Law Students Launch Lightbulb Exchange
COLUMBIA LAW STUDENTS LAUNCH MAJOR LIGHTBULB EXCHANGE
Will Provide Up to 50,000 Free Energy-Efficient Bulbs To Students, Faculty, Staff;
Then Pile Old Bulbs Up In Front of Low Library to Recycle on Earth Day April 22
April 14, 2008 (NEW YORK) – Columbia Law School students are leading an effort to get fellow students, faculty and staff across Columbia University to exchange up to 50,000 traditional incandescent lightbulbs with more energy-efficient compact fluorescent bulbs to use in their desk lamps, dorm rooms and apartments.
The Student Lightbulb Brigade Project aims to reduce the collective carbon footprint of the Columbia University community by providing the more efficient CFL bulbs. Exchanges will be made from April 14 to 21 at various locations through Columbia’s Morningside Heights campus, as well as at Columbia University Medical Center.
The exchange will culminate in an event on Earth Day, April 22, when the traditional bulbs that have been collected will be displayed in a large pile in front of Low Library, before being recycled.
Law School students, faculty and staff can exchange their old bulbs for the CFL bulbs on April 14-18 and April 21 in the lobby of Jerome Greene Hall. For exact times, click here. Pick-up times and locations will vary at other schools on the Columbia campuses.
The Law School’s Environmental Law Society is heading up the university-wide project, and will concurrently engage in an information campaign by disseminating recommendations on reducing energy consumption.
“One of the most pressing challenges for environmental advocates is to make it easier for each of us to make environmentally responsible choices; the Lightbulb Brigade does just that,” said Robert Weinstock, President of the Law School’s Environmental Law Society.
“The Lightbulb Brigade Project is an important endeavor for a large and decentralized energy consumer like a university because it’s critical to take the small individual steps that, when aggregated, make a massive difference in terms of Columbia's overall carbon footprint,” Weinstock said.
The life span of a 27-watt compact fluorescent bulb saves more than 1,000 pounds of carbon dioxide from being released into the atmosphere when compared with a 100-watt incandescent bulb. For more on energy efficiency and light bulbs, click here.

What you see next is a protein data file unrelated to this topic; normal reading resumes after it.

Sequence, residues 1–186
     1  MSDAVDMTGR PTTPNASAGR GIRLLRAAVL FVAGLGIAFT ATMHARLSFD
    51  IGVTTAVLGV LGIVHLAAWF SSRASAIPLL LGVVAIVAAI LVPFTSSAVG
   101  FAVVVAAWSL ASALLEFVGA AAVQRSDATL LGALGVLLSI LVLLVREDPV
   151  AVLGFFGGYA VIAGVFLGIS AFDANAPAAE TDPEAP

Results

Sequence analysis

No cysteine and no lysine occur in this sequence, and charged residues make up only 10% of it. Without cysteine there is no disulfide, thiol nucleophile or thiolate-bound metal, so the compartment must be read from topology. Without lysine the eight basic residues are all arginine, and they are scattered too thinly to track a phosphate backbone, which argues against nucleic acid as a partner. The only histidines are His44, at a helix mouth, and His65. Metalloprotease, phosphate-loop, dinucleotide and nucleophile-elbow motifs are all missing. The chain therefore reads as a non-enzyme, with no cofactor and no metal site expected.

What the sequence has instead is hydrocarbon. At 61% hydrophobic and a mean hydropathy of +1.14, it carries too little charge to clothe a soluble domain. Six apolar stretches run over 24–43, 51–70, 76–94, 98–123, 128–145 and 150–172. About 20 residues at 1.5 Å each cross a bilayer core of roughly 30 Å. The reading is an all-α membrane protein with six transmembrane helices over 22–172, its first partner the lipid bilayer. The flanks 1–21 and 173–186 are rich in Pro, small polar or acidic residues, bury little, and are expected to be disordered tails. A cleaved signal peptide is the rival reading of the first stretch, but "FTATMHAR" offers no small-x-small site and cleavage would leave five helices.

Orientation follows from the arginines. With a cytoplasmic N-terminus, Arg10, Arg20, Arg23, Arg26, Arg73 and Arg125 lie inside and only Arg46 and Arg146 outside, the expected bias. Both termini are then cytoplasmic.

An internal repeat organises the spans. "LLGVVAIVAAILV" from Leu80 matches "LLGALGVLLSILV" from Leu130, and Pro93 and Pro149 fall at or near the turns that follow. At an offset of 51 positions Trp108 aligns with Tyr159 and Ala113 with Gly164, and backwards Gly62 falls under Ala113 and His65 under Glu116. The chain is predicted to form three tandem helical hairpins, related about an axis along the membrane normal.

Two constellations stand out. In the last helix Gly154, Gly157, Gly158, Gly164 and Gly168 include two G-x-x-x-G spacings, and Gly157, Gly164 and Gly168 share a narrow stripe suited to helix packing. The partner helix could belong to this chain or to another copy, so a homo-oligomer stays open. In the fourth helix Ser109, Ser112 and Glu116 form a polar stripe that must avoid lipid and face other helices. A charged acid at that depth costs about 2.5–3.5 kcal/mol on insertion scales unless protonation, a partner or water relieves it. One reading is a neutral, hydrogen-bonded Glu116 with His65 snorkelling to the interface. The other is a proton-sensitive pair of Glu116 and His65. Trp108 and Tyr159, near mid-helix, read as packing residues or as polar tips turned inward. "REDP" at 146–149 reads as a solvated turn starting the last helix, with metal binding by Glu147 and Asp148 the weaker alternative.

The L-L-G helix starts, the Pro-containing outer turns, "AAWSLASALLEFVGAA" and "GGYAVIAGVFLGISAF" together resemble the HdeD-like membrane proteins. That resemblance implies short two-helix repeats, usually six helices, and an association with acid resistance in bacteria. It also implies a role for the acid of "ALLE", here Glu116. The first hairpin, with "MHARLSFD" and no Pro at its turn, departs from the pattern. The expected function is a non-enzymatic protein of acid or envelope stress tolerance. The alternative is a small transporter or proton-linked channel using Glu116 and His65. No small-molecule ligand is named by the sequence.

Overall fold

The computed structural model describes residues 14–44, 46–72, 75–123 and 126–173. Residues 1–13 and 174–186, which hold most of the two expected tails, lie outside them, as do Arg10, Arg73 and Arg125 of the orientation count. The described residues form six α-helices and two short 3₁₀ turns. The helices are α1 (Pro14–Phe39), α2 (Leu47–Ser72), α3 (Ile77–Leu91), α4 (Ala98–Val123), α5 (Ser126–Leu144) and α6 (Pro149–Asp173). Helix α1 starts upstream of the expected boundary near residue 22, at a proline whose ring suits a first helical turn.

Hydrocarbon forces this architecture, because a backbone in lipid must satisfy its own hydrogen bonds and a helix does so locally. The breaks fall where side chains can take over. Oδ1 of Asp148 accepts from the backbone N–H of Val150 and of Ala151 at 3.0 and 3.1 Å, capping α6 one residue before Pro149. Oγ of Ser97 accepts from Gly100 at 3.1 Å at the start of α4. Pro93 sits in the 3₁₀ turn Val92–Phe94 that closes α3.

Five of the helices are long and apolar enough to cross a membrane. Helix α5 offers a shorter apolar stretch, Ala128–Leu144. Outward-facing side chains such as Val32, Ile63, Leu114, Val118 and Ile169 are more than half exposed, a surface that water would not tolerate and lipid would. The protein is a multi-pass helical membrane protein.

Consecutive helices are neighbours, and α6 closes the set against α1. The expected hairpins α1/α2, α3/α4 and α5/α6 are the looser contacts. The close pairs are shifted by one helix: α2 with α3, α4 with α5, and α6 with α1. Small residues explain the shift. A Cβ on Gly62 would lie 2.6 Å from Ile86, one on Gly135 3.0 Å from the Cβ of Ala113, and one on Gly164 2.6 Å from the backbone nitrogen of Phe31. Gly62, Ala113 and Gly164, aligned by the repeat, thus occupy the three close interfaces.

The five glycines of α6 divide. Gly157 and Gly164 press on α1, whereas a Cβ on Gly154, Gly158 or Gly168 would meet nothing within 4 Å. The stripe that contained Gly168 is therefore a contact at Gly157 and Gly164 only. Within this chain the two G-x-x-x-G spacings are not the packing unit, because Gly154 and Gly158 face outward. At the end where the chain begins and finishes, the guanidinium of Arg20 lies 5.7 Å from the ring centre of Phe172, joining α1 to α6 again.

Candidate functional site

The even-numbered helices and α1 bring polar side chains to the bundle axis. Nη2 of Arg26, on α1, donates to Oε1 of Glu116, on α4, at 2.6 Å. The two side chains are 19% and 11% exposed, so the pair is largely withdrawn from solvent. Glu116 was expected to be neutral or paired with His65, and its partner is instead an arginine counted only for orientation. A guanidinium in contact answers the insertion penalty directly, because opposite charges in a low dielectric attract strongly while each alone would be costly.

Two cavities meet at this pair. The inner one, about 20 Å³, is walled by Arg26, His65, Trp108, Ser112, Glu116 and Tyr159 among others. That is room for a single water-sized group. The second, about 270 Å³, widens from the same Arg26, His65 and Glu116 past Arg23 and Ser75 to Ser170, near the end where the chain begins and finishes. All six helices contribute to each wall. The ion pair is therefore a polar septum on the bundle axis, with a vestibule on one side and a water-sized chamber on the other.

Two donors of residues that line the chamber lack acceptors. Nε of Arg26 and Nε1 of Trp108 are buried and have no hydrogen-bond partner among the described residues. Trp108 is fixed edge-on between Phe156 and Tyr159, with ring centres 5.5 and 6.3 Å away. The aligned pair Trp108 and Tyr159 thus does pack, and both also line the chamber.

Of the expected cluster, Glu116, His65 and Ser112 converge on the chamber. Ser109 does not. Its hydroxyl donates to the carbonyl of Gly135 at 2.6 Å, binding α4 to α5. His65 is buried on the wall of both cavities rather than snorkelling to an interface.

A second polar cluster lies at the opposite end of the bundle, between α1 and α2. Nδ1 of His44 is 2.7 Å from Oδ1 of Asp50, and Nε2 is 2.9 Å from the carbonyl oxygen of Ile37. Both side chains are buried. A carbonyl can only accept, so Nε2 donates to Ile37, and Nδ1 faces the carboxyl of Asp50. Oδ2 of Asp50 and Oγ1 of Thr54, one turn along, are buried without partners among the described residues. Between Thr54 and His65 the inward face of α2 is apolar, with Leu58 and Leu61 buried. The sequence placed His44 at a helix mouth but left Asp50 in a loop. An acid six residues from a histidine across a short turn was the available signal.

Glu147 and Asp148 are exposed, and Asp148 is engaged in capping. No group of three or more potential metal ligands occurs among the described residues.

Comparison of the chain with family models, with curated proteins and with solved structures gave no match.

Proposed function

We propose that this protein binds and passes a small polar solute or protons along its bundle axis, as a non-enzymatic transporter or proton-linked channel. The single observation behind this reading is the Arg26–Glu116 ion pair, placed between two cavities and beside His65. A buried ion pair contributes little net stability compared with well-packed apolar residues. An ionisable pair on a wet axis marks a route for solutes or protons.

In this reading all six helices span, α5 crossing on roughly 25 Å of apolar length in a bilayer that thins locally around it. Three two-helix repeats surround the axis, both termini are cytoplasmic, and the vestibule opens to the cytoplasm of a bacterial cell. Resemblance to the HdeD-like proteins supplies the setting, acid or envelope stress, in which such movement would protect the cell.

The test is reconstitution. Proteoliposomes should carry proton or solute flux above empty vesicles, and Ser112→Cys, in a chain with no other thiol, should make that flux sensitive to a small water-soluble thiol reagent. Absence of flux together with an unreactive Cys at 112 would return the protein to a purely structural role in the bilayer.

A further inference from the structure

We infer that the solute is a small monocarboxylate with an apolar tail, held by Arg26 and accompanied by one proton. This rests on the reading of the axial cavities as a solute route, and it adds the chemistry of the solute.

The Student Lightbulb Brigade Project is funded through a donation by the Goldring Family Foundation and Gary F. Goldring ’82. Wal-Mart and General Electric are also sponsors. The Goldring Family Foundation wants Columbia’s efforts to initiate a nationwide effort on university and college campuses.
Over the past 15 years, Columbia University has replaced virtually all incandescent bulbs in undergraduate residence halls and academic buildings with more efficient, longer-lasting fluorescent bulbs. The University has also committed to reduce by 30 percent its overall greenhouse gas emissions by the year 2017, said Nilda Mesa, Columbia’s Director of Environmental Stewardship.
In addition, on the Morningside campus, lighting controls include timers in most academic spaces to prevent lights from being left on overnight. The University is also moving to occupancy sensors, an even newer, more-sophisticated type of lighting control, on new construction projects. Energy and environmental projects are coordinated through the University’s Office of Environmental Stewardship.
Last year, Columbia University took another major step in its commitment to environmental stewardship by enrolling in the electric demand response program “Operation Save New York.” Through the program, Columbia will conserve electricity in certain areas of its operations when there is an electric shortage in New York State.
The lightbulb exchange mirrors another Columbia program, called Cool Columbia, a partnership with the Sierra Club to encourage people to take steps to become more energy-efficient, including a swap of incandescent bulbs for CFL bulbs in off-campus residential housing. More information on that program is at www.cool.columbia.edu.
The Environmental Law Society at Columbia Law School is a student-run organization that hosts speakers who discuss environmental law issues and careers, and is part of a robust collection of programs that focus on environmental law. The Law School also has an Environmental Law Clinic, directed by Prof. Edward Lloyd.
Columbia Law School, founded in 1858, stands at the forefront of legal education and of the law in a global society. Columbia Law School joins traditional strengths in international and comparative law, constitutional law, administrative law, business law and human rights law with pioneering work in the areas of intellectual property, digital technology, sexuality and gender, and criminal law.